by B. N. Sullivan
You know that old cliché: You can't judge a book by its cover. In a sense, the same can be said for many fish species. Countless species exhibit different colors and patterns as they develop. In fact, sometimes juveniles and sub-adults look markedly different from the adults of their kind.
This is confusing to divers trying to learn the names of the fishies they see underwater, and in some cases it even has tricked scientists. Taxonomic records of fish species have many, many examples of fishes that were thought at first to be two distinct species, but later turned out to be different color phases of the same species.
The two individuals in the photo at right are an example of this phenomenon. They are both Whitespotted Filefish (Cantherhines macroceros), a Caribbean species common on reefs around Belize and the Cayman Islands. They appear in two distinct color phases: one with spots, and one without.
Of course, this happens on land, too. Just think of Bambi, for instance. As a fawn, Bambi had spots on his back -- spots he outgrew as he matured into an adult deer.
The fishes in the photo at least resemble one another, but some fish species undergo really radical color changes as they mature. Not only that, many reef fishes even change sex! Some species begin life as females, and later turn into males, a condition called protogyny. Then there are the protandrous species, which begin life as males and ultimately become females. There are even a few species that can change sex in both directions. Talk about gender-bending!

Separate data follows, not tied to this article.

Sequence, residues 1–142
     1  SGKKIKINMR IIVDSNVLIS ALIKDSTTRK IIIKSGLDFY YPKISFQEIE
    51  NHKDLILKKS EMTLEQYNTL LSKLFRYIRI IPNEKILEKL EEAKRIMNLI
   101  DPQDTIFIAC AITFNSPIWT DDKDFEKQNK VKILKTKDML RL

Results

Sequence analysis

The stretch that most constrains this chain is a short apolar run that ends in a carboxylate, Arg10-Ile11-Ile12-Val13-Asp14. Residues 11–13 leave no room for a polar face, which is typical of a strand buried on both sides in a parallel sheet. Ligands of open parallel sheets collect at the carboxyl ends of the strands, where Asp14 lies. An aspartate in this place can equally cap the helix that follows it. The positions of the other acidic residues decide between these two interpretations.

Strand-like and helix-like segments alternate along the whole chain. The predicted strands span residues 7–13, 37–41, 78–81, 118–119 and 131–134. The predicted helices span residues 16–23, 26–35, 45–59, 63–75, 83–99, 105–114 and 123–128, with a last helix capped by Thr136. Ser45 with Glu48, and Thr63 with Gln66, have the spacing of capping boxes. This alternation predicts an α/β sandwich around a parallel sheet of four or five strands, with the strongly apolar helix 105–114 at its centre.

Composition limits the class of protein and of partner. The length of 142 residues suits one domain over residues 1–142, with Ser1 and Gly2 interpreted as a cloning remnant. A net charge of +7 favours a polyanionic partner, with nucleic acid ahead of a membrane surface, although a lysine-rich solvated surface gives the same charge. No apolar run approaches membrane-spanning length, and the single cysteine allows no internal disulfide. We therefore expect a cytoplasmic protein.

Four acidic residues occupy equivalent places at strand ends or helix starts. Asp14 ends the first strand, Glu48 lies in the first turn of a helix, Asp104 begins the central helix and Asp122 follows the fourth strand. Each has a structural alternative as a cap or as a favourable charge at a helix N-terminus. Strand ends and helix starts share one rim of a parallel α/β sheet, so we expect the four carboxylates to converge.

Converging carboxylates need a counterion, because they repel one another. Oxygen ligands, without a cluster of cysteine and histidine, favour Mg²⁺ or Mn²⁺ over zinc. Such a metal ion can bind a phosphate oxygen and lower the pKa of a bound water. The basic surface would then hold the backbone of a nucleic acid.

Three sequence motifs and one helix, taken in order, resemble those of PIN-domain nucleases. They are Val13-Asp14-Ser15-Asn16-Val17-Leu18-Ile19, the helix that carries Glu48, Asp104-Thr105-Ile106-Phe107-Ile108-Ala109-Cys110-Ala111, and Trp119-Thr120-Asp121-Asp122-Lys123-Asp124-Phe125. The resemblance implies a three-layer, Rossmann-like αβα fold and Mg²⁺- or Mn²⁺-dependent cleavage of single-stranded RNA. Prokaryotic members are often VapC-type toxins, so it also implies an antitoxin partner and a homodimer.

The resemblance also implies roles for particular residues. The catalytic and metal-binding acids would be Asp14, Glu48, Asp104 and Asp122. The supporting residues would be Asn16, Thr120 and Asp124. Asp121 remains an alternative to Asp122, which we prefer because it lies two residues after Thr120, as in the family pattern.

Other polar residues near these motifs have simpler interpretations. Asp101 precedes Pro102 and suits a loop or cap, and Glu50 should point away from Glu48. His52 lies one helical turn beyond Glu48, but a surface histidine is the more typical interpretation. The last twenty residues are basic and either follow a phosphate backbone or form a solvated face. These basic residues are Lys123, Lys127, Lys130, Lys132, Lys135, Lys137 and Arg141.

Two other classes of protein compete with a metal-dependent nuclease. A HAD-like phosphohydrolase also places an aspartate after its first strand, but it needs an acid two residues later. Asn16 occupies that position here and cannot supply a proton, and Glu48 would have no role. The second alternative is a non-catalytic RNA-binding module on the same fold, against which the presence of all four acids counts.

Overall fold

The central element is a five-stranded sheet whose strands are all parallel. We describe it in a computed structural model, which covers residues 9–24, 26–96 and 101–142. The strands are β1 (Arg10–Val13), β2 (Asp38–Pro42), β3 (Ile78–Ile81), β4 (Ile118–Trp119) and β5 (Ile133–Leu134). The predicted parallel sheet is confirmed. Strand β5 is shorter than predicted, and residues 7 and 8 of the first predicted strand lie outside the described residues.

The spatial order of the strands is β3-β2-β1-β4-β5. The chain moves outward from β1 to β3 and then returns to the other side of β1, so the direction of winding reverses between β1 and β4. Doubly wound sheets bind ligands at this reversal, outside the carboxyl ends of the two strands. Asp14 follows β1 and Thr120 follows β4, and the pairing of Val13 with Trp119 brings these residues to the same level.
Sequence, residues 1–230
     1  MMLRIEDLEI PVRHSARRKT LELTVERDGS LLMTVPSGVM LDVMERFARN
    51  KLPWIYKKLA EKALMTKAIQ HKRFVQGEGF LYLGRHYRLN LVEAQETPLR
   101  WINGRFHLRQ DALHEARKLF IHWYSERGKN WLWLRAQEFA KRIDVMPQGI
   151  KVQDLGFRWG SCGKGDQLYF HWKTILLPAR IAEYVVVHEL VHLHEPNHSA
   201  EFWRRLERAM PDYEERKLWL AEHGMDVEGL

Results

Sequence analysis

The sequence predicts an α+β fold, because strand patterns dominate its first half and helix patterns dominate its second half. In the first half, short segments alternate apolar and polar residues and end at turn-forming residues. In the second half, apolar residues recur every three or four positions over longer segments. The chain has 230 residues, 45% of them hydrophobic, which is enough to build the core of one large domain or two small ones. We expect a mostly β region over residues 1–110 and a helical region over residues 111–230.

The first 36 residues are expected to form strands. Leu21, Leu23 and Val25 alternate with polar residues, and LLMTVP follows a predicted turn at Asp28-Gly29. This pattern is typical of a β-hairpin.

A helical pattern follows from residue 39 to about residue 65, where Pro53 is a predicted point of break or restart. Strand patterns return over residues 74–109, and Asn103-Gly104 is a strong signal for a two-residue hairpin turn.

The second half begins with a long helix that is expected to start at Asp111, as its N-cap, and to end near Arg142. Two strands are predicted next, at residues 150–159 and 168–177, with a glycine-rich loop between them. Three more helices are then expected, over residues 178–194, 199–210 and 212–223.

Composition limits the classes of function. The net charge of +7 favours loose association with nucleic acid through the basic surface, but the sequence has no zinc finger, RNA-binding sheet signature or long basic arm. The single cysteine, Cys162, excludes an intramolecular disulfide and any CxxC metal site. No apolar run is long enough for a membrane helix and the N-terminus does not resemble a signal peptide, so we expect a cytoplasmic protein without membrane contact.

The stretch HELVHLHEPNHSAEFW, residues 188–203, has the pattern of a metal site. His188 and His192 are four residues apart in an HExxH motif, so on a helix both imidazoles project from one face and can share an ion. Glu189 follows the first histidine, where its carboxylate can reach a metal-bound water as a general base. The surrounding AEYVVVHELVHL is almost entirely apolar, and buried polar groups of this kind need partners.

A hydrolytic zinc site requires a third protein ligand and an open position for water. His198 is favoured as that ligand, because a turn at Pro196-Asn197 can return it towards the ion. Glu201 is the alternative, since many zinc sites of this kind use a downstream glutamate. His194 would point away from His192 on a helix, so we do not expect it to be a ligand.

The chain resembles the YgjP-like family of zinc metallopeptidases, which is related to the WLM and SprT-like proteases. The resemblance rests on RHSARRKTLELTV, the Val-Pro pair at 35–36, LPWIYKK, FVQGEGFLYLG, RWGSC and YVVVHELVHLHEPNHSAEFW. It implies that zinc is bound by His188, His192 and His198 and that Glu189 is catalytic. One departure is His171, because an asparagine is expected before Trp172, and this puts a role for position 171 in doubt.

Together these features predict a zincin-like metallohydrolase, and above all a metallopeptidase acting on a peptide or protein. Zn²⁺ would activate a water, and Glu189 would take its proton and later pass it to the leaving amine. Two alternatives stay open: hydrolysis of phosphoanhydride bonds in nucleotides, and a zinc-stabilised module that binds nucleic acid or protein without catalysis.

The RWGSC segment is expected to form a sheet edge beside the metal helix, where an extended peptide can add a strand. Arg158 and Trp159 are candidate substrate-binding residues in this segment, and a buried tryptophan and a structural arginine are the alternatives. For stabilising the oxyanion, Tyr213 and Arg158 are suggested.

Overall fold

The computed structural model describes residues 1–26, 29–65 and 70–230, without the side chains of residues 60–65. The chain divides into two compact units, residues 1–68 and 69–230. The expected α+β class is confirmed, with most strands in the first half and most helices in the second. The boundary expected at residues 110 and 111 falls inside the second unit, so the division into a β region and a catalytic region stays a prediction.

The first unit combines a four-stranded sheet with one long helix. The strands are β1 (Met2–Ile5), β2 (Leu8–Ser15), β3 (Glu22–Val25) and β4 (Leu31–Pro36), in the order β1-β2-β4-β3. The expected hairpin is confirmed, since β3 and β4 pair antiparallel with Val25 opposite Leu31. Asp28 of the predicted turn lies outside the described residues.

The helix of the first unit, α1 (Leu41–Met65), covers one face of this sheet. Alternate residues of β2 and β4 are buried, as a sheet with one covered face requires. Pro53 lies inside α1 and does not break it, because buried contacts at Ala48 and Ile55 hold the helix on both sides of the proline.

Like a lot of land animals, many fish species are sexually dimorphic, that is, the two sexes differ in appearance. The males are usually (but not always) the ones that are larger and more brightly colored. I've always thought that sexual dimorphism made obvious sense; if the two sexes look different, than each should be more readily able to spot a potential mate.
It turns out, though, that mate attraction is a much more complex process, probably less dependent on visual cues like color and size, than on subtle biochemical sensing (i.e., scent, or the fishy equivalent thereof). In any case, when critters -- including fishes -- need to find a mate, they know what to look for.
And that reminds me of a conversation we had one time with ichthyologist Jack Randall of the Bishop Museum in Honolulu. We described to him a peculiar individual fish we saw regularly at a certain patch of the reef at Puako. The fish was a Yellow Tang (Zebrasoma flavescens) with an odd color pattern. Usually that species is solid yellow, but this individual had irregular white blotches on it, such that it looked like it had been splashed with bleach! Dr. Randall told us that similarly patterned Yellow Tangs had been noted occasionally, and that it was presumed to occur because of some mutation to the genes that control pigmentation.
Another diver who was present said he had seen a Yellow Tang with similar white blotches several miles south of where we regularly saw 'our' little mutant. We mused aloud about what might result if we could get those two fishies with the aberrant color patterns to mate. Maybe we could capture one and release it near the other in the hope that they would produce some interesting offspring.
But then Jerry asked, "What if both are males or both are females?" Both sexes of Yellow Tangs look exactly alike. There's no way to tell them apart visually.
Jack Randall just grinned and winked. "Don't worry," he said. "They know."